# Simpson's Diversity Index

A community dominated by one or two species is considered to be less diverse than one in which several different species have a similar abundance.

Simpson's Diversity Index is a measure of diversity which takes into account the number of species present, as well as the relative abundance of each species. As species richness and evenness increase, so diversity increases. n = the total number of organisms of a particular species N = the total number of organisms of all species

The value of D ranges between 0 and 1. With this index, 1 represents infinite diversity and 0, no diversity.

To calculate Simpson's Index for Muntanyans, two areas (natural vegetation and disturbed vegetation) must be sampled using quadrats placed randomly or systematically. The number of plant species within each quadrat, as well as the number of individuals of each species should be noted. There is no necessity to be able to identify all the species, provided they can be distinguished from each other.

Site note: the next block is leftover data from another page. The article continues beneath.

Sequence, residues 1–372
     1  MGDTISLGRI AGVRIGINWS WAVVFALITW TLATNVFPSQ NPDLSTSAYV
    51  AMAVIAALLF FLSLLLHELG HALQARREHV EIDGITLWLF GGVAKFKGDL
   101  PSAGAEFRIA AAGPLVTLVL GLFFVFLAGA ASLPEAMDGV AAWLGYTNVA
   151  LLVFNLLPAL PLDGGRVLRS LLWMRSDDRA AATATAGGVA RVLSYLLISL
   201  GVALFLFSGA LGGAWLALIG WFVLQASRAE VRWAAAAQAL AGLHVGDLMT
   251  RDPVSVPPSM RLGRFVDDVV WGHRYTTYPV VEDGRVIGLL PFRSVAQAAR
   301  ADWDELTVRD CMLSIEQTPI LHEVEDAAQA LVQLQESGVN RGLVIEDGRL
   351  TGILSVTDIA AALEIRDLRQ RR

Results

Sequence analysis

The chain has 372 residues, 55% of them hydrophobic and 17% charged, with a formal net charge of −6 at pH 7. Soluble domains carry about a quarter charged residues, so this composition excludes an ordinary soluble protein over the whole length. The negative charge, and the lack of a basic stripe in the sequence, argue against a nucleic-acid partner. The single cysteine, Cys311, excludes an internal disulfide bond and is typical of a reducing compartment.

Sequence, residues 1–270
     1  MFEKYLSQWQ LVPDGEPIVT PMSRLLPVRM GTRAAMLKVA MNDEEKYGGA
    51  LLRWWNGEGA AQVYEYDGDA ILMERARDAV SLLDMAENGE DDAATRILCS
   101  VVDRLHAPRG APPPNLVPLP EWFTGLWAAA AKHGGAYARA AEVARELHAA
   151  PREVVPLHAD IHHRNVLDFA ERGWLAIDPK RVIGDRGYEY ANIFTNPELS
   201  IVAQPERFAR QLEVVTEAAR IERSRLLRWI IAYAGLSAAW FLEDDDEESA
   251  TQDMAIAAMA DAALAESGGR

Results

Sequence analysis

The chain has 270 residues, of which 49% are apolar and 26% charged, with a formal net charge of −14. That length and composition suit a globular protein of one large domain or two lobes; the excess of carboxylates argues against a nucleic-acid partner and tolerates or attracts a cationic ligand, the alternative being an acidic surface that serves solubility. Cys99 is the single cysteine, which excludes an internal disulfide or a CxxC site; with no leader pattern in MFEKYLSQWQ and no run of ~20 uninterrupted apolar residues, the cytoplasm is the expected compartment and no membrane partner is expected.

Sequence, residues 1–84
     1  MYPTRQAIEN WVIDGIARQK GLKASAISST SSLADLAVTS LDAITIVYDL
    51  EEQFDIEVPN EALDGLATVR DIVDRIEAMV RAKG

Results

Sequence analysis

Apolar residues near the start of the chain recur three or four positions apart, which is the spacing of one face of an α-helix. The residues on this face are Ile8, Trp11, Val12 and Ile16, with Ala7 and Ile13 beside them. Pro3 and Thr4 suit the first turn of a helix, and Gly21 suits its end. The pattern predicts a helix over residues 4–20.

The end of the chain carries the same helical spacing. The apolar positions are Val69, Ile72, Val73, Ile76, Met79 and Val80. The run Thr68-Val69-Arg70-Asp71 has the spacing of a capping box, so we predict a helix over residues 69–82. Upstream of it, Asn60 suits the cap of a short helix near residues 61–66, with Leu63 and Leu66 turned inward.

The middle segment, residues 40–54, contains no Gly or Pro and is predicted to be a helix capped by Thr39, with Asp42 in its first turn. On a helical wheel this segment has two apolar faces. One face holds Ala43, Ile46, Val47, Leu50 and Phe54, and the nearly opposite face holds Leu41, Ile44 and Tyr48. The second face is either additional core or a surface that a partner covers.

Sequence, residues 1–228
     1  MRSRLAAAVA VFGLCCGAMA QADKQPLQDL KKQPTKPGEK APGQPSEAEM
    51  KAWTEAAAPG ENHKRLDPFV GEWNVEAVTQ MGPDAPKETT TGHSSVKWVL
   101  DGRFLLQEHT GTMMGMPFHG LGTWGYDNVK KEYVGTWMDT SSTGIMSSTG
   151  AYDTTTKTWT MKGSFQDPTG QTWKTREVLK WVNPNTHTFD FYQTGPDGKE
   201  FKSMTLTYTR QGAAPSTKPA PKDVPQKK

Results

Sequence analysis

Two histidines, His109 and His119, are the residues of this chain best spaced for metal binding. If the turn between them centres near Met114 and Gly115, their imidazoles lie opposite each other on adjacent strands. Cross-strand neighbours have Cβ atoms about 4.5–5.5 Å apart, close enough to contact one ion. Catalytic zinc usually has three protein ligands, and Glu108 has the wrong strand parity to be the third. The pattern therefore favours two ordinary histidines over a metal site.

As an example, let us work out the value of D for a single quadrat sample of ground vegetation in the Muntanyans dunes. Of course, sampling only one quadrat would not give you a reliable estimate of the diversity of the dune flora. Several samples would have to be taken and the data pooled to give a better estimate of overall diversity. The method used to optimise the sampling is the Optimum Quadrat Size technique.

Species Number (n) n(n-1)
Sea holly 2 2
Sand couch 8 56
Sea bindweed 1 0
Sporobolus pungens 1 0
Echinophora spinosa 3 6
Total 15 64
 N = 15 n(n-1) = 64

Putting the figures into the formula for Simpson's Index:  Simpson's Index of Diversity = 0.7